Bryn Mawr Classical Review 2002.04.21
Steinmayer on Burns et al. on Steinmayer on Hine. Response to 2002.04.13
Response by Otto Steinmayer, Institute of East Asian Studies, Universiti Malaysia Sarawak (firstname.lastname@example.org)
It was never my intention to offend anybody with my review of Hine's Puerilities; but as I ventured into the minefield of erotic preference, I had a prescience I would be blown up, and so I have been.
The only comment I wish to reply to in the Lambda Caucus's critique is their singling out of the phrase "--medical apart--", and not to blame them but, I hope, to soften their hearts towards me. It is only after their harshness that I recognized the motive for this my qualification, which lay just a little down in my subconscious.
I had a friend---with whom I went to high school, to college, studied Greek, hashed over literature, politics, life, the universe, and everything, got drunk with and high with. I esteemed him, looked up to him, and loved him. He was extraordinarily tolerant of my failings. When I visited him at his home, we slept most chastely in the same bed, after we talked about lovely Greeks. I am not lovely-looking.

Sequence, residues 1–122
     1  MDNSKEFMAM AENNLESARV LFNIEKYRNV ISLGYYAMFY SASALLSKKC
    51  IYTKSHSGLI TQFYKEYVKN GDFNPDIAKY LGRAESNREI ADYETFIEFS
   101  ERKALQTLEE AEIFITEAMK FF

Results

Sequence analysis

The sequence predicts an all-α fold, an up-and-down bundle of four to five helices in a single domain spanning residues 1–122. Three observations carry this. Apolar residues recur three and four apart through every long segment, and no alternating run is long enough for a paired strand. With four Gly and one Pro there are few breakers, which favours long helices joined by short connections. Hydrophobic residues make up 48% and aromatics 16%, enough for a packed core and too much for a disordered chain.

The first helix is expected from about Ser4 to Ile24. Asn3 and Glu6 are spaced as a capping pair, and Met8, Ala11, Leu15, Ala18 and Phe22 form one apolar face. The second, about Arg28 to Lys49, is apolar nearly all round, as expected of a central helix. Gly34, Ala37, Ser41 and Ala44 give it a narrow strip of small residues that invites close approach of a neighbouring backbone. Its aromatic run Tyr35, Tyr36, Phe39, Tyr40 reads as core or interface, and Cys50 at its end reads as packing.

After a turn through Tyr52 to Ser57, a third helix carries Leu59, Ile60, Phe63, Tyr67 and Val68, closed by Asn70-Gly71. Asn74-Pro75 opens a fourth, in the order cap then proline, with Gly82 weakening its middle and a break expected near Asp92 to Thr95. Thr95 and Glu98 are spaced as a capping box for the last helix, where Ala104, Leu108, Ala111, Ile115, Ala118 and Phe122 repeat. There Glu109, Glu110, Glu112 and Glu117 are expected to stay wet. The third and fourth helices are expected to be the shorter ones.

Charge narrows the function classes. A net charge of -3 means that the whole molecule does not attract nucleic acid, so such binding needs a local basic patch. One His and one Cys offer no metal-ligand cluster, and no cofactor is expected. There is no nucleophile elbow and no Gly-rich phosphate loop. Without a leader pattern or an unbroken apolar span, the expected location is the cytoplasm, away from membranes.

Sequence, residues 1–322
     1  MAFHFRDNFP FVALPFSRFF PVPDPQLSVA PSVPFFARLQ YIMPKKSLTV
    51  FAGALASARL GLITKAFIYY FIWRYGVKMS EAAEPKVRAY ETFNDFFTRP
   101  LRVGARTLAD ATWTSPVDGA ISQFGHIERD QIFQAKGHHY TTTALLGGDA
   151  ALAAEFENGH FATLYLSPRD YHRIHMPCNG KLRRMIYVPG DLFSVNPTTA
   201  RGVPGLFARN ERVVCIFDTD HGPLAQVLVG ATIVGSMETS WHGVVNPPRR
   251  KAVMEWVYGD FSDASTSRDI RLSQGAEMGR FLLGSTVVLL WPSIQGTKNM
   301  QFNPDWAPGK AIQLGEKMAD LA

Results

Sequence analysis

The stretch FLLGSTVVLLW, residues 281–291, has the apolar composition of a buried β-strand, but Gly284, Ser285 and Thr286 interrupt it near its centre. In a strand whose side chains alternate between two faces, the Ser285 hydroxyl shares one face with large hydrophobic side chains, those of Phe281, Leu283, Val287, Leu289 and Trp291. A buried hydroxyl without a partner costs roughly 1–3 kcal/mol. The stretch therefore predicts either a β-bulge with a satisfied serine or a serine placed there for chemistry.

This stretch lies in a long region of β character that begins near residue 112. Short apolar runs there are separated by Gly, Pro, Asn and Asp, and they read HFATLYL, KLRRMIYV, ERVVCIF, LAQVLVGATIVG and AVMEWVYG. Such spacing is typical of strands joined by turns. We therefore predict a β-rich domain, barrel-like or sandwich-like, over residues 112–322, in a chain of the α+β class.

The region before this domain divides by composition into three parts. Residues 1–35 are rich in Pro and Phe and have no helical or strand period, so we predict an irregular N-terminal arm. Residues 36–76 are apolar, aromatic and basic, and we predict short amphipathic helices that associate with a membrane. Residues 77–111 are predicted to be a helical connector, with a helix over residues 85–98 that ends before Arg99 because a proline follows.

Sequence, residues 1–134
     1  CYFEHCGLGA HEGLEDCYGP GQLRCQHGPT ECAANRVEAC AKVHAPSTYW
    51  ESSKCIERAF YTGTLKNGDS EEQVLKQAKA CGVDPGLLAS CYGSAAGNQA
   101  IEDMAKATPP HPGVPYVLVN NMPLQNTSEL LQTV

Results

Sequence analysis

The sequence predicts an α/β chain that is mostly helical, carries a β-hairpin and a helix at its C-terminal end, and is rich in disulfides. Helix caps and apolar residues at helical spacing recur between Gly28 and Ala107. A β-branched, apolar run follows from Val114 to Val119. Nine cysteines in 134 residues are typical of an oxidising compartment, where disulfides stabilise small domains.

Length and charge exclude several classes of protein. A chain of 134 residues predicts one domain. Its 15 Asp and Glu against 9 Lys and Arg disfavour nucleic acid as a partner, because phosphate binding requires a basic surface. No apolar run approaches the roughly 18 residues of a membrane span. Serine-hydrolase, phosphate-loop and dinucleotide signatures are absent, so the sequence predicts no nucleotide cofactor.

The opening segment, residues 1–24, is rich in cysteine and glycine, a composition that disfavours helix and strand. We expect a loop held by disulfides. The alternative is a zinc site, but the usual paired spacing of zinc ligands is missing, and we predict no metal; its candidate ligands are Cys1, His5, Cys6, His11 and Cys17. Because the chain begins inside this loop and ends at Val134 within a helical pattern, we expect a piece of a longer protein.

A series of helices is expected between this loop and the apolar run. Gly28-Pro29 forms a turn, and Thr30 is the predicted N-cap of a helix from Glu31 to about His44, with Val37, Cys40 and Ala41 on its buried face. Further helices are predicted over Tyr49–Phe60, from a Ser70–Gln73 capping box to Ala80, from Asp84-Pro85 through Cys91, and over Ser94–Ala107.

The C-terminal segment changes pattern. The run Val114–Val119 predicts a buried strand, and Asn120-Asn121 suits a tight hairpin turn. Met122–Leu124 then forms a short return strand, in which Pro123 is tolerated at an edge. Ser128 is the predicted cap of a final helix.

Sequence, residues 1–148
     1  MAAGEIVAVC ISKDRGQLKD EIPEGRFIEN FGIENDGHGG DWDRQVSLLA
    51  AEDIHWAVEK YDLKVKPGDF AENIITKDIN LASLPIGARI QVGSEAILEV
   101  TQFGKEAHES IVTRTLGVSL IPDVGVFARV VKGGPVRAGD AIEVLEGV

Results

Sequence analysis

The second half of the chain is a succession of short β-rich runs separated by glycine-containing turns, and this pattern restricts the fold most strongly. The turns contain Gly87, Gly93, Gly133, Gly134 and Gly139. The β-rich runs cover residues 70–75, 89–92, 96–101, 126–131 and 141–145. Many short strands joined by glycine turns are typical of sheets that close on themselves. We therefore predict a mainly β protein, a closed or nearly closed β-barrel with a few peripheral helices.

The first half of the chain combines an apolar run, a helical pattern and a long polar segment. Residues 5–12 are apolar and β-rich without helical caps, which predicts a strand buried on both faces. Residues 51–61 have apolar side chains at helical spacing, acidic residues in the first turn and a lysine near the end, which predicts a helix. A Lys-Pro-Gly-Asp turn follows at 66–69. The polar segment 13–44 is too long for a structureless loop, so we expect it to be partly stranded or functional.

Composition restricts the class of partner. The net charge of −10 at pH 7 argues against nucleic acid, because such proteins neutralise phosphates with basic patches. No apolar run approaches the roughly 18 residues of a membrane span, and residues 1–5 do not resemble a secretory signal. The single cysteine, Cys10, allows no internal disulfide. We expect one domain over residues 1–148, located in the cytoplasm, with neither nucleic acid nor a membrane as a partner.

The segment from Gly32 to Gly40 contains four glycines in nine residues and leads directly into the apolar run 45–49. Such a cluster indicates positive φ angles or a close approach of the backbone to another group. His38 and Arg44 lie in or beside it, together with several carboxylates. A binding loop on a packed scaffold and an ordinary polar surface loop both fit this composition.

Martin Gerard Koloski, Jr. 22.12.1956-16.9.1987. ἀνὴρ μουσικώτατος.
In early 1987 I received with alarm the news that Marty had AIDS. I went to see him in San Francisco, knowing that it would be the last time we would meet. Marty wanted to be left alone as he journeyed to death. I troubled him as little as possible with my anxiety. His death, and the death of his most humane and charming partner, John Kulkielka, soon after, devastated me. Death whisked them away in no time.
After this---will I be taken for a hypocrite if I say "some of my best friends are gays"?---I, as a boring old breeder, have been always anxious for the homosexual males whom I love. Maybe you'll call me an old hen. I just don't want to see more death.